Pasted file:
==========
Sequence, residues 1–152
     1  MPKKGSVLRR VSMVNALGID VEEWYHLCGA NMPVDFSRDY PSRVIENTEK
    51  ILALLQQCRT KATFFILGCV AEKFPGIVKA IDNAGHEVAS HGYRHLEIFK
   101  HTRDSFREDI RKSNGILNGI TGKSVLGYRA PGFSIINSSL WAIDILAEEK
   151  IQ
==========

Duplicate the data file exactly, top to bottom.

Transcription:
Sequence, residues 1–152
     1  MPKKGSVLRR VSMVNALGID VEEWYHLCGA NMPVDFSRDY PSRVIENTEK
    51  ILALLQQCRT KATFFILGCV AEKFPGIVKA IDNAGHEVAS HGYRHLEIFK
   101  HTRDSFREDI RKSNGILNGI TGKSVLGYRA PGFSIINSSL WAIDILAEEK
   151  IQ